13) Hoarding and Black Market Order, 1956
14) Public Order (political uniforms) Ordinance, 1958
15) West Pakistan Control of Orphanages Act, 1958
16) West Pakistan Control of Goondas Ordinance, 1959
17) West Pakistan Maintenance of Public Order Ordinance, 1960
18) West Pakistan Prohibition of Opium Smoking Ordinance, 1960
19) Probation of Offenders Ordinance, 1960
20) West Pakistan Moneylenders Ordinance, 1960
21) West Pakistan Prevention of Gambling Ordinance, 1961
22) West Pakistan Suppression of Prostitution Ordnance, 1961
23) West Pakistan Press and Publications Ordinance, 1963
24) The Censorship of Films Act, 1963
25) West Pakistan Arms Ordinance, 1965
26) West Pakistan Motor Vehicles Ordinance, 1965
27) The Prevention of Anti-National Activities Act, 1974
28) Police Rules 1934
29) West Pakistan Control of Goondas Rules, 1951
30) West Pakistan Probation of Offenders Rules, 1961
31) West Pakistan Public Order Detenu Rules, 1962
32) West Pakistan Cinematograph Rules, 1962
33) The Censorship of Films Rules, 1963
34) Any other laws/rules having a similar bearing on law and order

CONCLUSION

The subject of police reforms no longer brooks procrastination or postponement if the police department has to be put on an even keel for the delivery of efficient services to the public. However, the implementation process is inseparably tied to changes in the existing laws as well as the provision of adequate manpower and financial resources at all tiers, especially at the level of police stations. Without a realistic pay structure, adequate allowances, provision of accommodation, duty on the basis of eight-hour shift and a weekly off, and adoption of other welfare measures, the outcome of any structural reforms will remain elusive.

2. However, with proper implementation, these reforms will enable police to function in a new environment, free from the debilitating effects of more than a century old outmoded system of policing designed to control the “natives”. In the proposed arrangement, the head of the district police would be operationally independent, but accountable to the community. The investigation of criminal cases will be the responsibility of a distinct cadre of specialist investigators wearing a different uniform. The prosecution of criminal cases in courts will be handled by a separate and independent provincial prosecution service. The various Public Safety Commissions will make annual policing plans, and evaluate police performance for the delivery of targets, while also acting as “sounding boards for local opinion”. The independent Police Complaints Authority tasked to enquire into complaints of police excesses will lay the foundation of eventual transformation of police from a coercive arm to an accountable and responsive service enjoying confidence and trust of the people.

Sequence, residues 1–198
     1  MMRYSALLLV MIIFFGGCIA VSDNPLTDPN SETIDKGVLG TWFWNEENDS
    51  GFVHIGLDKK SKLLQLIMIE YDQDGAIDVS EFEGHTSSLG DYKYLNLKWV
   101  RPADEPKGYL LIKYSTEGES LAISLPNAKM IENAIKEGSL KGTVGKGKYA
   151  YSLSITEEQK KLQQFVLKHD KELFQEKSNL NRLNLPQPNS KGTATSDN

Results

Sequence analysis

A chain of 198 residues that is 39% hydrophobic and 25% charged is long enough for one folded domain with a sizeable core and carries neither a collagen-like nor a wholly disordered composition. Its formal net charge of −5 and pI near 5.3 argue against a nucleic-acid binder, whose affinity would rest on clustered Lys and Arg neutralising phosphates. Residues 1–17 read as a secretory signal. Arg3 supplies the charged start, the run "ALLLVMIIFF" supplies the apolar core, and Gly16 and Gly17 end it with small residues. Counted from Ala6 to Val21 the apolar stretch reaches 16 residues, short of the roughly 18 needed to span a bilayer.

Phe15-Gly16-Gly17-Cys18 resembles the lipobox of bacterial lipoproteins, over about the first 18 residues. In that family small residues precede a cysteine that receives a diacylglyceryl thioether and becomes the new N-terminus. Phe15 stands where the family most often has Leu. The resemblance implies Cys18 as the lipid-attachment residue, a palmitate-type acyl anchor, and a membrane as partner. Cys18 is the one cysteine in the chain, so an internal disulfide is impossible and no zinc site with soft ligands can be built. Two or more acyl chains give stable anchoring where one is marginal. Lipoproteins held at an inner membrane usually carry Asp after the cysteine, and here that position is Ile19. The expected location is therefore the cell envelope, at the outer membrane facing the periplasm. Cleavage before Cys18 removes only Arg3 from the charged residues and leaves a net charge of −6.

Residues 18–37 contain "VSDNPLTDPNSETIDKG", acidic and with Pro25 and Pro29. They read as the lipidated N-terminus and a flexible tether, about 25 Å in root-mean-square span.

3. Guided by the Public Safety Commissions, the police will imbibe the requisite spirit for the dawn of a new era of policing based on the rule of law. In this context the observation of Lord Denning in Blackburn case in 1968 is highly significant:

I hold it be the duty of the Commissioner of police as it is of every chief constable to enforce the law of the land......... but in all these things he is not the servant of anyone save of the law itself. The responsibility of law enforcement lies on him. He is answerable to the law and to the law alone.

4. The police under the proposed arrangements will be “politically sensitive”, but without being politically involved. Similarly, the undesirable elements within the police and guilty of keeping the police politicking would be unsparingly punished for their misconduct.

5. Finally, the following excerpts from the informal talk of Quaid-e-Azam Muhammad Ali Jinnah to the Civil Officers at Government House Peshawar on 14th of April 1948 would constitute the most befitting end to this report.
I hope that each one of you will understand his own sphere of duty and responsibility and act with others harmoniously and in complete co-operation, keeping in mind that each has to do his duty within the sphere to which he belongs. If you on your side start with that determination and enthusiasm – and I hope the other side will also realise what a terrible evil they are raising up and how it demoralises the services to try and influence this department or that department, this officer or that officer – and if you will stick to your determination you will have done a great service to your nation. Putting pressure and influence on service people, I know, is a very common fault of politicians and those with influence in political parties, but I hope that you will now, from today, resolve and determine to act according to my humble advice that I am giving you.


POLICE EFFICIENCY AND DISCIPLINE RULES, 2000